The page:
Seven runs needed off 12 balls, with five wickets in hand. All is going to plan in the first game. Someone told me at that point we were 1/400 with Paddy Power to win the game. Anyone who dumped their life savings on us would have had an interesting 10 minutes or so.

I don't think anyone could have predicted want happened next. We managed 3 runs off that over to take us to within 4 of victory in the last. The last over could be described in any number of words.

Chaotic, pandemonium, nerve-racking. There are a couple of great images of the action after the last ball. Stuart Thompson has just been cleaned out by Prosper Utseya, who came sprinting in to try and retrieve Brendan Taylor's wayward throw. Taylor himself, is on the ground. Two more Zimbabwean's have fallen to their knees in disbelief, while Cusey just seemed to saunter in to the bowlers end.

It really is a powerful image that encapsulates just how important the match was to both teams. I believe we deserved the win, we played the better cricket throughout.

The ball began to swing under the lights as well around the 15th over, which made life a bit trickier in the final few overs and that's something for us to bear in mind for our next afternoon game. In the end though, we did it. All that matters really is that we got the two points.

I thought our spinners bowled exceptionally well. Andy McBrine, playing in his first international t20 and bowling at a time where they had started to come hard against us did brilliantly to pin them back and take two key wickets.

He's an impressive young man and nothing seems to faze him, you would think he was just down at The Holm bowling on a Saturday afternoon against Brigade. Mind you anyone who has played there would tell you that's a big enough stage in itself. I think he has got a big future for us and the fact that he and George are both only 21 says that Ireland's spin bowling ranks are covered for the next 10 years at least.

George was singled out by the captain as someone he wants to have a big tournament for us. That's a huge compliment and it shows just how highly William regards our left arm spinner. Wickets in Bangladesh are traditionally low and slow, not this one however. It has a bit extra bounce and I think that helped our young spin trio. On the pitch, it's a lot different to what we have been playing on recently in both the Caribbean and in Dhaka.

Having spoken to a few of the Bangladeshi team they had told us to expect a little extra pace and bounce and they weren't wrong. It probably suited us a little better than the Zimbabwean lads. I think it was an important toss to win and good that we bowled first. Taylor said he would have done the same, I think purely because this was the first t20 on the ground and neither side, nor anyone else for that matter, knew what a good score would be. In the end, the 163 that Zim scored was probably a little under par. I think 180 was a complete match winning score, it's not often you don't win with 180 but 163 was certainly in the game.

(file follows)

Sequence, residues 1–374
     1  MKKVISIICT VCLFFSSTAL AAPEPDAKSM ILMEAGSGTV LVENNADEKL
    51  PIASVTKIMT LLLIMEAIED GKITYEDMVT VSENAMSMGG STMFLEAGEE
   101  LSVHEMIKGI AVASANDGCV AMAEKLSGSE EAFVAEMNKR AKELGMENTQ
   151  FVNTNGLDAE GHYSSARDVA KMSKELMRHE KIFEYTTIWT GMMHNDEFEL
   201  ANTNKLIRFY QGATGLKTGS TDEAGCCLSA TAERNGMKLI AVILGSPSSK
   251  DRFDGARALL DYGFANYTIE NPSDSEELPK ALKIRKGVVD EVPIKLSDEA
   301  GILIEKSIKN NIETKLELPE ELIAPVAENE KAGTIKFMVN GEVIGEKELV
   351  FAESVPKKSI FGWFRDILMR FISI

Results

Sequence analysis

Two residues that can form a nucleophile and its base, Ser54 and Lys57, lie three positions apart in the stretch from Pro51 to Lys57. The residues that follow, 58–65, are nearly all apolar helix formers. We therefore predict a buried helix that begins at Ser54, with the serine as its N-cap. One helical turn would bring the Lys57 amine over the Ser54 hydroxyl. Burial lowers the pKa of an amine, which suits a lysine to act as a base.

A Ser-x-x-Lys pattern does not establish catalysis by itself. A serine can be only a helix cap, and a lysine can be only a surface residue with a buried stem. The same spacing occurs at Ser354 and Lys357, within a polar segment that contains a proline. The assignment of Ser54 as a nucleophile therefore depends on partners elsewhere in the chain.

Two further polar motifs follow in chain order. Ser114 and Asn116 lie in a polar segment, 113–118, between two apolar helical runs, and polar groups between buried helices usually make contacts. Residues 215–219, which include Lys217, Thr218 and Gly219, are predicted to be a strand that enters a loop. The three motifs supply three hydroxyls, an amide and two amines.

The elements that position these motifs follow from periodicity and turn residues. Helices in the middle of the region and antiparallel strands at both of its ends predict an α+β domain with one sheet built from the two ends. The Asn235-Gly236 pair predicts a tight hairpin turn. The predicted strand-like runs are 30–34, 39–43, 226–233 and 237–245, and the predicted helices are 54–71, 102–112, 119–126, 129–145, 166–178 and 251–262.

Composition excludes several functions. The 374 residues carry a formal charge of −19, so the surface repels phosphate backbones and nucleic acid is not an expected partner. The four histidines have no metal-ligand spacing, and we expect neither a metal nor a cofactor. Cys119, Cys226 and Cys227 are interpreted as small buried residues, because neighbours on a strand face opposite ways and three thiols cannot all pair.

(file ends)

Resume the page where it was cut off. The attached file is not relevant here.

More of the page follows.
Paul Stirling shouldn't bother playing the warm up games, or in fact any game that isn't hugely important. Of course, I say that in jest but the reality is that when a big game comes around more times than not Stirlo comes to the party no matter how he has been doing previously. Its often the same in Qualifying tournaments, he takes a while to get going but put him in a final against Afghanistan with 7,000 passionate Afghans watching I know who I'm backing to get runs.

The nature of t20 is such that not everyone gets runs and unfortunately for me I missed out. I have been on a good run since Jamaica so this one wasn't to be. The good thing about having two jobs in the side is that if you do one well you still feel like you have contributed and like I say we got the win and the two points at the end of the day. That'll do for me.

We move on to the UAE on Wednesday before playing the Netherlands on friday, both sides we know very well and have good records against. The Dutch, especially, are a dangerous outfit and with Tom Cooper back in their ranks will be tough opposition. First though, is the UAE and they pose their own threat. We will need to be on top form to win the next two games to see us in to the super 10 phase.

A final word on the two big Rugby wins over the Paddy's day weekend. My old School, Methody completed their 37th victory in the Schools cup to bring the trophy home to BT9. A winner's medal, after two attempts, is something I never got and to this day I wish I did. There is something very special about schoolboy rugby in Ulster and that should never die. I'm sure the boys and Nicky Wells will have enjoyed their night, and rightly so.

The weekend belonged to one man however, Brian O'driscoll bowed out of International rugby with the fairytale he so deserved. In my opinion one of the greatest sportsmen our country has ever seen. Myself, our physio Andrew Dunne and Stirlo piled in to my room to listen agonisingly to a broken radio feed from BBC Northern Ireland (yes, the Sylhet wifi is that bad) and we could just about make out Jim Neely saying "its forward, it's got to be forward" when the French appeared to have broken Irish hearts once again.

Thankfully it was and at about 1.30am Syhet time the three of us were delighted. When you see what that means to the fans, including us here in Bangladesh, it makes us even more determined to make the country proud of our team.